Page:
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Shuttle Atlantis blasts off after lengthy delay, carrying Columbus lab to space station

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CAPE CANAVERAL, Fla. - After two months of delay, shuttle Atlantis blasted off Thursday with Europe's gift to the international space station, a $2 billion science lab named Columbus that spent years waiting to set sail.

Atlantis and its seven-man crew roared away from their seaside launch pad at 2:45 p.m., overcoming fuel gauge problems that thwarted back-to-back launch attempts in December.

The same cold front that spawned killer tornadoes across the South earlier in the week stayed far enough away and, in the end, cut NASA a break. All week, bad weather had threatened to delay the flight, making liftoff all the sweeter for the shuttle team. The sky was cloudy at launch time, but rain and thunderstorms remained off to the west.

"All systems are go," launch director Doug Lyons told the astronauts. "I'd like to wish you a successful mission and safe return."

Replied shuttle commander Stephen Frick: "Looks like today's a good day, and we're ready to go fly."

Probably no one was happier than the 300 Europeans who gathered at the launch site to see Atlantis take off with their beloved Columbus lab.

Twenty-three years in the making, Columbus is the European Space Agency's primary contribution to the space station. The lab has endured space station redesigns and slowdowns, as well as a number of shuttle postponements and two shuttle accidents.

It will join the U.S. lab, Destiny, in orbit for seven years. The much bigger Japanese lab Kibo, or Hope, will require three shuttle flights to get off the ground, beginning in March.

Frick, and his U.S., German and French crew will reach the space station on Saturday and begin installing Columbus the very next day. Three spacewalks are planned during the flight, scheduled to last 11 or, more likely, 12 days.

Besides Columbus, Atlantis will drop off a new space station resident, French Air Force Gen. Leopold Eyharts, who will swap places with NASA astronaut Daniel Tani and get Columbus working. Tani will return to Earth aboard the shuttle, ending a mission of nearly four months.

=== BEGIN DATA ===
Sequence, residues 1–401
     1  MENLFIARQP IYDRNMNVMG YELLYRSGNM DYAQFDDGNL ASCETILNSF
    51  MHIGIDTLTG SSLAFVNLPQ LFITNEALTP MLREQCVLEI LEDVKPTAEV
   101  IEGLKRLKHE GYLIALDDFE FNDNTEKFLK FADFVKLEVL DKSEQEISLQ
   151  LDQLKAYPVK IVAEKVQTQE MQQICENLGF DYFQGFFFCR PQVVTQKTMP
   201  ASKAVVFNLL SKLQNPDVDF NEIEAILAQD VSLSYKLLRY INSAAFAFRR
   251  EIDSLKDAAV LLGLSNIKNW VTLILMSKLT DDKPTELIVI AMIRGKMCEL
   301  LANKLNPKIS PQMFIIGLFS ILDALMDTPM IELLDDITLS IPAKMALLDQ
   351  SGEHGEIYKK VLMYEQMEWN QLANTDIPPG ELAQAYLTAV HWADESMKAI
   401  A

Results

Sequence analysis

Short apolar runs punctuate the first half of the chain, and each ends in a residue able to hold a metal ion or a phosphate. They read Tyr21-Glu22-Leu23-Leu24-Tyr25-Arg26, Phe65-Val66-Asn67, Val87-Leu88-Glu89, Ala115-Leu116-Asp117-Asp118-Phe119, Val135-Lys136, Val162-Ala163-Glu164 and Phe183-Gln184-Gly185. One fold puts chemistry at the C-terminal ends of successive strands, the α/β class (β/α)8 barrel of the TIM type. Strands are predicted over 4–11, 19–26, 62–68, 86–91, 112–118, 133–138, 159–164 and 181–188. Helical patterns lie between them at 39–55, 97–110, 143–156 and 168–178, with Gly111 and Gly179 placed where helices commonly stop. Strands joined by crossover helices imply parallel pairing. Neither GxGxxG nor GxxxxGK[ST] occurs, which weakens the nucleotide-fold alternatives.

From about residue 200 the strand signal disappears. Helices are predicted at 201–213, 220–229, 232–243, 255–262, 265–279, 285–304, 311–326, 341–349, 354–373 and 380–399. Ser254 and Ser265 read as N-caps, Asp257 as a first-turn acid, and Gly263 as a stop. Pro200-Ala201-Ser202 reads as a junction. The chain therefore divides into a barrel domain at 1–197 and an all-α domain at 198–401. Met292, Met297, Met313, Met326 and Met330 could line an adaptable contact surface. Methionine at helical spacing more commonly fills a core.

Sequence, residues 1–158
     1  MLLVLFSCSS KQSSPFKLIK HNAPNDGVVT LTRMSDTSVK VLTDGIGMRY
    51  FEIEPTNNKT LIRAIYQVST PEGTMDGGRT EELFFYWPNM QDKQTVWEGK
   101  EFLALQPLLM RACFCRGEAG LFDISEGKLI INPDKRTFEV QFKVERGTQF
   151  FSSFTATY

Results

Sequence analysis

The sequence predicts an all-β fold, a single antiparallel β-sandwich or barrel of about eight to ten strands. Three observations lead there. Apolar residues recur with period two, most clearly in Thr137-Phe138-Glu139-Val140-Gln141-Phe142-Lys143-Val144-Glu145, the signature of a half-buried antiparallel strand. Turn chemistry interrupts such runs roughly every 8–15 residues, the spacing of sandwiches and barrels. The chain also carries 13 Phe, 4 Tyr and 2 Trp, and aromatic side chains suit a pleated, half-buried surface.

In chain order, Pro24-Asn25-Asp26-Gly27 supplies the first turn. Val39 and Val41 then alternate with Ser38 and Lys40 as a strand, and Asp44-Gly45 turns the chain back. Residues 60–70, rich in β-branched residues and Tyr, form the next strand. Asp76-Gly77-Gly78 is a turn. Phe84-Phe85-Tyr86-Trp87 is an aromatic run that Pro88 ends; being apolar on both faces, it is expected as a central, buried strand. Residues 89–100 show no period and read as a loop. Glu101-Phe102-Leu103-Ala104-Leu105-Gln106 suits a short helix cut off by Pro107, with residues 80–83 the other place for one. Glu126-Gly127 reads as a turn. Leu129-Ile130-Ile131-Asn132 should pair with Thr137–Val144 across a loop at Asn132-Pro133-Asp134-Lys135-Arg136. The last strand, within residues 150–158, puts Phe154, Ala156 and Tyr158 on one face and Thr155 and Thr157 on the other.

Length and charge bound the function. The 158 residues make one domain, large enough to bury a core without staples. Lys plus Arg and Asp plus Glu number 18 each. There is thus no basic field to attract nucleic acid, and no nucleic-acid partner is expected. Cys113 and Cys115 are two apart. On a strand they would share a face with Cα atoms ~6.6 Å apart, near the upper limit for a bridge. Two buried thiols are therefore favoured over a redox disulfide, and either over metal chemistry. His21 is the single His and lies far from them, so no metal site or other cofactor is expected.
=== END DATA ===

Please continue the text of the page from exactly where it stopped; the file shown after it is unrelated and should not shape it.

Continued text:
To NASA's relief, all four fuel gauges in Atlantis' external fuel tank worked properly during the final stage of the countdown. The gauges failed back in December because of a faulty connector, and NASA redesigned the part to fix the problem, which had been plaguing the shuttles for three years.

NASA was anxious to get Atlantis flying as soon as possible to keep alive its hopes of achieving six launches this year. The space agency faces a 2010 deadline for finishing the station and retiring the shuttles. That equates to four or five shuttle flights a year between now and then, something NASA Administrator Michael Griffin considers achievable.

"We're coming back, and I think we are back, from some pretty severe technical problems that led to the loss of Columbia. We understand the foam now," NASA Administrator Michael Griffin said, referring to the chunks of insulating foam that kept breaking off the fuel tanks.

Barring any more major mechanical trouble or freak hailstorms like the one that battered Atlantis's fuel tank one year ago, "this should be like some of those earlier times when we had some fairly interrupted stretches with no technical problems where we could just fly," Griffin said in an interview with The Associated Press. "That's what I'm looking forward to."

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